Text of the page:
By Gustavo Arellano
By R. Scott Moxley
By Alfonso Delgado
By Courtney Hamilton
By Joel Beers
By Peter Maguire
By Charles Lam
By Charles Lam
District Attorney Tony Rackauckas has always had a problem with friends. His friendship with Newport Beach resident Patrick Di Carlo—who leaned on Rackauckas a few months ago to get DA organized-crime investigators off his back—proved a major embarrassment. Rackauckas' proximity to big-time Republican contributor George Argyros proved problematic when it came time for the DA to investigate charges that Argyros' firm Arnel Management bilked thousands of mostly minority apartment tenants out of millions of dollars. The Tony Rackauckas Foundation, a secret fund soliciting money from Tony's many friends, went undisclosed for a couple of years; when it was publicized, Tony shut it down. And woe unto those not sufficiently friendly in return: Rackauckas' shuffling of DA personnel insufficiently generous during his 1998 campaign for the office—and his hiring and promotion of those who were—is another sore spot.
Things got so bad at the DA's office that two former investigators flew to Sacramento in February and pleaded with Attorney General Bill Lockyer—a Democrat—to investigate Rackauckas—a Republican—for possible conflicts of interest. That investigation, still ongoing, poses a problem for Rackauckas, who faces reelection next year.
Now, evidence has emerged that Rackauckas may be working to befriend Lockyer.
It came during an otherwise dull Nov. 6 county Board of Supervisors meeting. The supes were about to award a lucrative county contract. Rackauckas had proposed paying $7.4 million to a high-priced law firm to help the DA's office prosecute half a dozen oil companies for allegedly contaminating local groundwater with highly toxic gasoline and MTBE.
Shortly before the vote, Third District Supervisor Todd Spitzer waved an unsigned fax before the audience. Spitzer said the fax alleged that the DA's contract with the Newport Beach-based law firm Robinson, Calcagnie & Robinson is, in fact, a payoff designed to warm Lockyer's heart in the midst of his investigation.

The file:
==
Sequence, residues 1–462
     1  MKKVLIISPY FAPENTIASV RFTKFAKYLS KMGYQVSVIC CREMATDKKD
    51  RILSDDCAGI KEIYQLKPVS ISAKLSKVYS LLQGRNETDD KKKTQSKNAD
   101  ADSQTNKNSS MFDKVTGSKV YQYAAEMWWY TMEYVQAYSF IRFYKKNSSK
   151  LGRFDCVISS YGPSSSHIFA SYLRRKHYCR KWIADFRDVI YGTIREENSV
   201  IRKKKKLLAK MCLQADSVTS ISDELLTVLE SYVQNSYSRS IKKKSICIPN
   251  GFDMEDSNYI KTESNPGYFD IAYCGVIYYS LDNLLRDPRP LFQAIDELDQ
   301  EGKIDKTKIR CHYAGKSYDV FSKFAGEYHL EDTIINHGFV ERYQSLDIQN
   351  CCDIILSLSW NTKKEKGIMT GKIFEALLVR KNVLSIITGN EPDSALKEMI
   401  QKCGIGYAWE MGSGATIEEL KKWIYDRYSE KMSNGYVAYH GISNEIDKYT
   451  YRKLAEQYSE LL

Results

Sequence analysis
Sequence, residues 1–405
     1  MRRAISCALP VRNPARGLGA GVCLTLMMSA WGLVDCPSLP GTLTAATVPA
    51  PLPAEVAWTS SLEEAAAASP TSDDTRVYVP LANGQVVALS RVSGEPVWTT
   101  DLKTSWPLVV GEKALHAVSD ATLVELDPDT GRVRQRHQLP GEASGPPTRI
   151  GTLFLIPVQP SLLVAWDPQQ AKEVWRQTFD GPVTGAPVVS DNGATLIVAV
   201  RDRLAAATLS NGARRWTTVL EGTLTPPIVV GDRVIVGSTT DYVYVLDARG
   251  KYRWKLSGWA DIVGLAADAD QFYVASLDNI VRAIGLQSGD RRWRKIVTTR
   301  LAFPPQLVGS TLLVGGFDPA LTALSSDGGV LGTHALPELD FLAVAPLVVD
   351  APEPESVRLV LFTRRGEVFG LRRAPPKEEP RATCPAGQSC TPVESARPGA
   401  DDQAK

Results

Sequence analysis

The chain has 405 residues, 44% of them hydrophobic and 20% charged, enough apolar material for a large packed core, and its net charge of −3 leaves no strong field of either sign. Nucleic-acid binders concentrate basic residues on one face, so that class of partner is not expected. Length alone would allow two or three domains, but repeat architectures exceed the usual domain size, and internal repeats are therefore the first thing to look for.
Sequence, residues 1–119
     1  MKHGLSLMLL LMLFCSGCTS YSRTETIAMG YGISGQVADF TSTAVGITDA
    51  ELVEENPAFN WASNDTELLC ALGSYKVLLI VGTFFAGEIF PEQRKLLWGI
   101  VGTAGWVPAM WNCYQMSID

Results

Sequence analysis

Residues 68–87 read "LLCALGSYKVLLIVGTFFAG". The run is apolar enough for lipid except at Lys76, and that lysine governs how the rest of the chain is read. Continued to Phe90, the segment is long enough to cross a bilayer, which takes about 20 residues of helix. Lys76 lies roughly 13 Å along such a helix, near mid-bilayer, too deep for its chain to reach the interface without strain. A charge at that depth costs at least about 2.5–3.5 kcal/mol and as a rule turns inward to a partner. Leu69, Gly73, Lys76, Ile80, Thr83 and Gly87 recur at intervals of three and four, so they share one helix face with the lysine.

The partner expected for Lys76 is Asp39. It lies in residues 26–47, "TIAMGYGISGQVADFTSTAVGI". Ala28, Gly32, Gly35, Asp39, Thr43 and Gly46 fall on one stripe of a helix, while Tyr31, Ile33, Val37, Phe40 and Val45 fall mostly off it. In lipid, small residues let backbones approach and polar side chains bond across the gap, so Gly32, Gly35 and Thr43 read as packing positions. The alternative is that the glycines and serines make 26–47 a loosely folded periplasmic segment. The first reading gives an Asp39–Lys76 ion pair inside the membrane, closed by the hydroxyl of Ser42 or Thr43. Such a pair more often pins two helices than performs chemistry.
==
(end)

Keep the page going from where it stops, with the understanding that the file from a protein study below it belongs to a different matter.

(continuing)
Despite Spitzer's assertions that the fax "is a ridiculous, fabricated piece of trash that isn't worth the paper it's printed on," closer scrutiny turns up evidence of close ties between the Robinson firm and Lockyer.
Partner Jeoffrey Robinson wouldn't comment for this story, but it's clear he and Lockyer know each other well. His firm is one of Lockyer's regular big-money contributors; on May 23, the law firm gave the attorney general's campaign $10,000. In the spring of 1999, Robinson and Lockyer attended an intimate meet-and-greet at the home of state Senator Joe Dunn (D-Santa Ana). According to one attendee, Robinson introduced Lockyer to the crowd at a small table out back by the swimming pool. Lockyer then spoke briefly before the assembled officials and attorneys—including Rackauckas—highlighting his recent reading of Tom Brokaw's book The Greatest Generation.
Rackauckas was already acquainted with Robinson. They were Orange County deputy DAs during the 1980s, and they even worked together on a case involving convicted murderer John Galen Davenport.
Despite that connection, the Robinson firm has contributed a measly $675 to Rackauckas' campaign since October 1999. Rackauckas refunded that money this past Aug. 6. Robinson's real money arrived in the DA's campaign account less conspicuously on June 30 in $1,000 checks from Robinson, his brother Mark (the first Robinson listed in the firm's name) and fellow partner Kevin Calcagnie. There is no indication that Rackauckas ever refunded that money.
DA spokeswoman Tori Richards didn't respond to questions concerning Rackauckas' relationship with Robinson. She also added cryptically "the firm does not pose a conflict for the district attorney's office based on the reasons you have provided."
The details of the Lockyer-Rackauckas-Robinson relationship never came out during the Nov. 6 supervisors meeting, despite the strange way in which the contract came to the supervisors' attention. Unusually, the DA never issued a request for formal proposals on the contract and never put the contract out to bid. And another thing: from Aug. 14 until Oct. 16, the proposed contract appeared on successive supervisor agendas, always with another law firm's name—Santa Monica-based Liner, Yankelevitz, Sunshine & Regenstreif—as the recipient. Rackauckas repeatedly pulled the contract from the agenda—"continuing" the item, in the vernacular of public meetings. But on Nov. 6, the contract was on the agenda again, the Liner firm had suddenly disappeared, and Robinson was the winner.
"The Robinson firm was chosen because we felt they were the best qualified to do the job," said Richards in an e-mailed response to the Weekly's questions concerning the contract. "Not only is the firm nationally renowned for its work on environmental issues, the Robinson firm is located in Orange County and has a vested interest in seeing that justice is done in this case."
But among legal experts, the firm isn't renowned for environmental-contamination work. Tobacco litigation, road safety and product-liability litigation—in all these areas, the company is highly respected. And equally respected for its powerful political friends.